Lehman Collapse: Why Didn't We Stop It?

Prof. Pablo Fernández refutes predictability of crash


Pablo Fernández

Following the 2008 collapse of Lehman Brothers, growing ranks of financial experts have claimed that the bankruptcy was all but inevitable. Prof. Pablo Fernández sifted through the data that was publicly available at that time and found nothing to portend the firm's collapse. Is the financial community now suffering collective amnesia?

Indeed, only one out of a total of 106 reports issued by analysts between January and September of that year recommended selling Lehman stock, he says. During Lehman's final days, major financial institutions such as Deutsche Bank and Morgan Stanley clamored to buy shares in the firm, and Lehman was able to hang onto its "A" rating right up to the day of its bankruptcy.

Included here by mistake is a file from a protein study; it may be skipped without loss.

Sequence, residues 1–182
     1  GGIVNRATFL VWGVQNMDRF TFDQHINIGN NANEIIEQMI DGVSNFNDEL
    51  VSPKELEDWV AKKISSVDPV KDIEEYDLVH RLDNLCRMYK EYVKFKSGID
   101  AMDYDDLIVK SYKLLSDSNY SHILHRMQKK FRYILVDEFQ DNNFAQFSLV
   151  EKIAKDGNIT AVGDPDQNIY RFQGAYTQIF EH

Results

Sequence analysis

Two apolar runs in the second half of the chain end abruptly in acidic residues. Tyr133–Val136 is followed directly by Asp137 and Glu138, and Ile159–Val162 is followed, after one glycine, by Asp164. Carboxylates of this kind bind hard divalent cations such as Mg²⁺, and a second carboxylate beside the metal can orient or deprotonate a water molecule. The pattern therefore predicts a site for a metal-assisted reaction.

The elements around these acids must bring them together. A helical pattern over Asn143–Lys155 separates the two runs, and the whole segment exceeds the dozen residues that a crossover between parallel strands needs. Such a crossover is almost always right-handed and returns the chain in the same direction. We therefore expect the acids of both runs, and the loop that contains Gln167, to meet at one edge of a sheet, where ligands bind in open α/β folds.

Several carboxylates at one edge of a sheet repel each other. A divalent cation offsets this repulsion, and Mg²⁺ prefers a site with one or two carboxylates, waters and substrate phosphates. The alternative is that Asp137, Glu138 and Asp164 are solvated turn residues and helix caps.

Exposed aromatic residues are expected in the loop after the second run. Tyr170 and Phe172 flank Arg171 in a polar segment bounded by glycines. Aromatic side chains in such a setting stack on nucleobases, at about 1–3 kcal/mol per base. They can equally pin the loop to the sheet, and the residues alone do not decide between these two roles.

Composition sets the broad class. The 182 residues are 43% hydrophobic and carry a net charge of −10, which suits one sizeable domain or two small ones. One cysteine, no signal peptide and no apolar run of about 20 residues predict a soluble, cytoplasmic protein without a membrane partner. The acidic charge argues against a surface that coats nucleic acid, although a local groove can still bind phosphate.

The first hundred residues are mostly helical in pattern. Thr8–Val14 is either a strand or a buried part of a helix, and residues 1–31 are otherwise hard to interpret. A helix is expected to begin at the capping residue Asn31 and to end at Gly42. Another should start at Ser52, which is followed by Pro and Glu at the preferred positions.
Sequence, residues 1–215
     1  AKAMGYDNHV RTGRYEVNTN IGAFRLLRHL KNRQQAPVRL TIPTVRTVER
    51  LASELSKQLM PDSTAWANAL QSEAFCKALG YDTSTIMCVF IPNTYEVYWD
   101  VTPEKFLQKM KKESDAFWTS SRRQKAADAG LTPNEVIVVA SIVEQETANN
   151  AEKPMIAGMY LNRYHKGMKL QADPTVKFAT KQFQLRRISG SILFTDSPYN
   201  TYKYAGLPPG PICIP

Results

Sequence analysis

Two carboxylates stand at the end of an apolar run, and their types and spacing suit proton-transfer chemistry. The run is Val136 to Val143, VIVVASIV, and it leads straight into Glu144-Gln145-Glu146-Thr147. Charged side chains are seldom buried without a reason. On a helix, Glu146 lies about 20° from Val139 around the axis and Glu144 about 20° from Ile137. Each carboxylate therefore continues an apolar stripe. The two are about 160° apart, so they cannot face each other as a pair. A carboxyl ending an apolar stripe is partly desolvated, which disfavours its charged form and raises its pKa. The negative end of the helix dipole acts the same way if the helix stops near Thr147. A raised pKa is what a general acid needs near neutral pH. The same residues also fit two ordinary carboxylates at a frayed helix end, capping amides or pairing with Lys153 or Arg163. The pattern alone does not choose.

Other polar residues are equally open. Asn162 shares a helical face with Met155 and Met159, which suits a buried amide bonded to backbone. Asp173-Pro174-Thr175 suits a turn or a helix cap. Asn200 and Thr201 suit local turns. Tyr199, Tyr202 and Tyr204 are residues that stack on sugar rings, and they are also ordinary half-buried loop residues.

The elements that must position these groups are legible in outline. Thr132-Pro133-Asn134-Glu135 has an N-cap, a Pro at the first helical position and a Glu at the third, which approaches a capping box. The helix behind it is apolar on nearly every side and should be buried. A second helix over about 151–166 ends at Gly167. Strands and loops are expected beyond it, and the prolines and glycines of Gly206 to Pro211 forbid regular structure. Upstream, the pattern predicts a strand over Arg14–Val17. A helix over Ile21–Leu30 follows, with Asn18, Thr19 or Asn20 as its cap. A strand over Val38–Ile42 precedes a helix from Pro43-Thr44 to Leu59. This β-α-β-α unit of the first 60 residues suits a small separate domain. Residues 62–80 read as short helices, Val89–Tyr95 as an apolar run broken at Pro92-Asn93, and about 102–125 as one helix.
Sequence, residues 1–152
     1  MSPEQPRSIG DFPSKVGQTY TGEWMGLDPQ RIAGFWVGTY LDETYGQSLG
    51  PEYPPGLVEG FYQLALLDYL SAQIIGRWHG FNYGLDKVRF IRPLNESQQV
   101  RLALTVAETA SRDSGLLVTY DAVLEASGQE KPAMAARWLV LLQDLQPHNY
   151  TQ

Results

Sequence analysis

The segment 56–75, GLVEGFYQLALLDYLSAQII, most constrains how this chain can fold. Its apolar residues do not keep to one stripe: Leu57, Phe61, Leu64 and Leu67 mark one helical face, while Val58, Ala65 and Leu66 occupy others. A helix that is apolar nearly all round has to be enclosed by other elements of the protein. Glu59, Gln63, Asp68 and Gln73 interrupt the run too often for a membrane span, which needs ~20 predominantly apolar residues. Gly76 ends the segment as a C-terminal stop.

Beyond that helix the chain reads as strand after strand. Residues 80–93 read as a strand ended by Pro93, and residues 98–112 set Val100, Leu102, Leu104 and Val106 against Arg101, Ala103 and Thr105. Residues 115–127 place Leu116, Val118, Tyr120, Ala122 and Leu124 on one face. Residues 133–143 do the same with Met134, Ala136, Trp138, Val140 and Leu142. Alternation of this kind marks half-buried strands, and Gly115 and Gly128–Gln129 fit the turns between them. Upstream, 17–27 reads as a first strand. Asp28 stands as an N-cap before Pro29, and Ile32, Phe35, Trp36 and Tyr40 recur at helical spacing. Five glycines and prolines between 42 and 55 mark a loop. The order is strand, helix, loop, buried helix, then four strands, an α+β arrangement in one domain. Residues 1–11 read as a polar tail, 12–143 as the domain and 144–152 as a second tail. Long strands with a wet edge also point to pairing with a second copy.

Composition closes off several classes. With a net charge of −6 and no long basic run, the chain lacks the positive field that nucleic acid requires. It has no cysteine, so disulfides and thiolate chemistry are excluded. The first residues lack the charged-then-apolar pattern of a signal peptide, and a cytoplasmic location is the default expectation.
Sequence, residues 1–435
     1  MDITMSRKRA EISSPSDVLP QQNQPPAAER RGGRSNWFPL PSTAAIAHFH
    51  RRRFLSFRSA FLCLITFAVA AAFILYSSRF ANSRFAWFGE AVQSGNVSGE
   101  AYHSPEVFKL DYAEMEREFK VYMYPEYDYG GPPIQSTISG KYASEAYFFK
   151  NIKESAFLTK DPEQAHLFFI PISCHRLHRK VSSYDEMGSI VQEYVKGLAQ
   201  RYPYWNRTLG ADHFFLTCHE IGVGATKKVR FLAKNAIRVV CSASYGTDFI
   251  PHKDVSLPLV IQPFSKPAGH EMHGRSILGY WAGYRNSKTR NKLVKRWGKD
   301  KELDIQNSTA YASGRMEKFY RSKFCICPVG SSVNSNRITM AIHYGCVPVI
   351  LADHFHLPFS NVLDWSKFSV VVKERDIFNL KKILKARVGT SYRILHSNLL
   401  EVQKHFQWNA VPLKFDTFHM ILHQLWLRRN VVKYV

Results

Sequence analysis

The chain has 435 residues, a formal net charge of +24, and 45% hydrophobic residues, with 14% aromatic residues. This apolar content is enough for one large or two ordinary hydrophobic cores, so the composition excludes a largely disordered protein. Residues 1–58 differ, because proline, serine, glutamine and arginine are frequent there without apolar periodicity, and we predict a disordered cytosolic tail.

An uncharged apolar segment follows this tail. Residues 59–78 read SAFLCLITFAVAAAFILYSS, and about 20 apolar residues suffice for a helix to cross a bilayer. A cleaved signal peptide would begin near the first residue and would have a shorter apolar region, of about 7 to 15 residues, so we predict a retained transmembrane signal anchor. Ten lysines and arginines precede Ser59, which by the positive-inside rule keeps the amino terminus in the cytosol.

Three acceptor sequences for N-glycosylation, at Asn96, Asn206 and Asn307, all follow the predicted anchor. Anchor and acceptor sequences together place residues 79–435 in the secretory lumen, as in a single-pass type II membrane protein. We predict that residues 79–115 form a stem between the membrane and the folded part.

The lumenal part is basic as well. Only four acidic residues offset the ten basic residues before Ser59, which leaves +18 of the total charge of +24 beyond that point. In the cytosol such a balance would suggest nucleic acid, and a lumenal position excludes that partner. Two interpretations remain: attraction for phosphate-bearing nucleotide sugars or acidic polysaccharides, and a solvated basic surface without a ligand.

Examining the predictability of the Lehman crash, Fernandez questions the many financial analysts and pundits who now claim that Lehman Brothers' collapse was all but inevitable.

After the bank's sudden failure, the idea began to take root that the downfall of Lehman had been foreseeable all along. In a matter of months, these "a posteriori prophets," as Fernández calls them, had executed a perfect about-turn. Those who had lauded Lehman's management during the good times were now claiming that the firm's bankruptcy had been obvious.

But, as Fernandez argues, such arguments hold little weight, especially considering the paucity of public information at that time on the true state of Lehman's balance sheet.